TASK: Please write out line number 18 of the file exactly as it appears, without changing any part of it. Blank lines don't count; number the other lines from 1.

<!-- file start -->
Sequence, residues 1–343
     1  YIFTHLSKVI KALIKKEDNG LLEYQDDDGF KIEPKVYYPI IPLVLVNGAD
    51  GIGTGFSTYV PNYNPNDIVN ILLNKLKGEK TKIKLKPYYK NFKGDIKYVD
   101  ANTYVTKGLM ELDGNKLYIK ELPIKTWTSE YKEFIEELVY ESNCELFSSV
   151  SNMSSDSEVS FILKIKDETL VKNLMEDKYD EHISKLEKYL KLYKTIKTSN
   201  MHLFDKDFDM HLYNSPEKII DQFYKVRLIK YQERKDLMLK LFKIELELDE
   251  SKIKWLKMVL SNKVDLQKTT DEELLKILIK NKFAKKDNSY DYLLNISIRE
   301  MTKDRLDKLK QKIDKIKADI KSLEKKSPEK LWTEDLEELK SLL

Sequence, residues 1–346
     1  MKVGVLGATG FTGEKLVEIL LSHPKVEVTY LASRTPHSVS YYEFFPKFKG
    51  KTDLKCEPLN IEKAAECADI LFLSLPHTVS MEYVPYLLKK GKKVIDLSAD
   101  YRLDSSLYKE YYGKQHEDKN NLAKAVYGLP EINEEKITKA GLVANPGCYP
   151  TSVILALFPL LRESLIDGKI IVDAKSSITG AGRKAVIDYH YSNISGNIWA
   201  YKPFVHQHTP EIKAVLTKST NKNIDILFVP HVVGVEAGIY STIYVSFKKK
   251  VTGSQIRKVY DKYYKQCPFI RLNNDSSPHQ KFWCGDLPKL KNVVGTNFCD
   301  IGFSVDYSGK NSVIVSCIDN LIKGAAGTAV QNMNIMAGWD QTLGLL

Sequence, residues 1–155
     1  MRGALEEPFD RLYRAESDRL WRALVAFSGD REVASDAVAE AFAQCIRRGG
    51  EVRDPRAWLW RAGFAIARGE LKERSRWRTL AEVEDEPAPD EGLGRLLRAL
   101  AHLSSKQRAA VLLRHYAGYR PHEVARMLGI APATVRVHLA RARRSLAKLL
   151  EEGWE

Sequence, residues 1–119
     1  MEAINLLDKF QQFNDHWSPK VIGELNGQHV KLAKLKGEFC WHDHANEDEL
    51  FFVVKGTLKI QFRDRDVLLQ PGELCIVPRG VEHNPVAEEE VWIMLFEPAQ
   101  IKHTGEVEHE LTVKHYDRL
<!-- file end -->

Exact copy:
     1  MRGALEEPFD RLYRAESDRL WRALVAFSGD REVASDAVAE AFAQCIRRGG